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Chapter 7. Reduction > Reduction in pervasive information architecture

Reduction in pervasive information architecture
Anderson's economy of niches does not presuppose an infinite global availability of choices for all, but a wider range of options in specific fields—the niches—in which individuals could not previously have them as these were isolated from the larger mainstream markets.
(Dini 2006).
It's more choices then, but only in the niche or domain we are interested in. If we consider Anderson's long tail from the perspective of a specific user, his model actually implies a reduction in the range of choices: from all those that are theoretically available to only those that are of some interest. This could be the result of filtering mechanisms that allow discarding unnecessary items; for example, the way the Amazon Web site implements its systems of dynamic correlations: “Frequently bought together,” “Customers who bought this item also bought… ” “Look for similar items by… ” and so forth (Figure 7.9).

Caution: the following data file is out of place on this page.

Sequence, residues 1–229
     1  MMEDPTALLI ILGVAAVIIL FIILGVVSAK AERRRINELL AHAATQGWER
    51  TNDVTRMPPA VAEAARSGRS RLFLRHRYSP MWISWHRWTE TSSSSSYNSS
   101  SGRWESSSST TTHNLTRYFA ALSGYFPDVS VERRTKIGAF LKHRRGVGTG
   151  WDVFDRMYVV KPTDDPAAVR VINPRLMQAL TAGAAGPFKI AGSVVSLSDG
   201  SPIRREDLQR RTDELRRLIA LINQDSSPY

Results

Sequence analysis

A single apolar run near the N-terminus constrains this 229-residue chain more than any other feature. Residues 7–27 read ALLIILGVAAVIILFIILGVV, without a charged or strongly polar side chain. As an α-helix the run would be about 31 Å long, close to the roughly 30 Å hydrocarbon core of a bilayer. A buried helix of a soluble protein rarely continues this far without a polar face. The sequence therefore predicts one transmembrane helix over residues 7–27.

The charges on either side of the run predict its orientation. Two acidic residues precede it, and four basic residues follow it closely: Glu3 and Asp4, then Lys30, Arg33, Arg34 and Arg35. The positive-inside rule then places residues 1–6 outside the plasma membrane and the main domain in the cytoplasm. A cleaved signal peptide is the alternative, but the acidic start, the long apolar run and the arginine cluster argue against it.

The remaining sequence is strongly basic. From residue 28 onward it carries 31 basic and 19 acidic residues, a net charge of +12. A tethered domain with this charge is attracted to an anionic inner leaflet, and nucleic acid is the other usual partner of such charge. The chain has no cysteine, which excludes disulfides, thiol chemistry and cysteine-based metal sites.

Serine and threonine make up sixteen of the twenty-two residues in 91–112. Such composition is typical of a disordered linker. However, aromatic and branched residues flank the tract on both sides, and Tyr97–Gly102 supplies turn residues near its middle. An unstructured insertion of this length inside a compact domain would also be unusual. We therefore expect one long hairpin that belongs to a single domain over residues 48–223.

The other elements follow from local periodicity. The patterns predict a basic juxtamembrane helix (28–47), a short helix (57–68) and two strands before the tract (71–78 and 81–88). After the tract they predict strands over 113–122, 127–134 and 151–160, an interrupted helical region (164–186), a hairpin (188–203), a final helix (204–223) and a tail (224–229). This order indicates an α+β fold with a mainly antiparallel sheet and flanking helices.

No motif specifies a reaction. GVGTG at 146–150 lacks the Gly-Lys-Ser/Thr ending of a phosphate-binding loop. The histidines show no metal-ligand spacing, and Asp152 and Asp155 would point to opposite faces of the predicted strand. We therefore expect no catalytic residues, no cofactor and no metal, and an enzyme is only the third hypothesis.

Fewer, selected choices at any given moment

  

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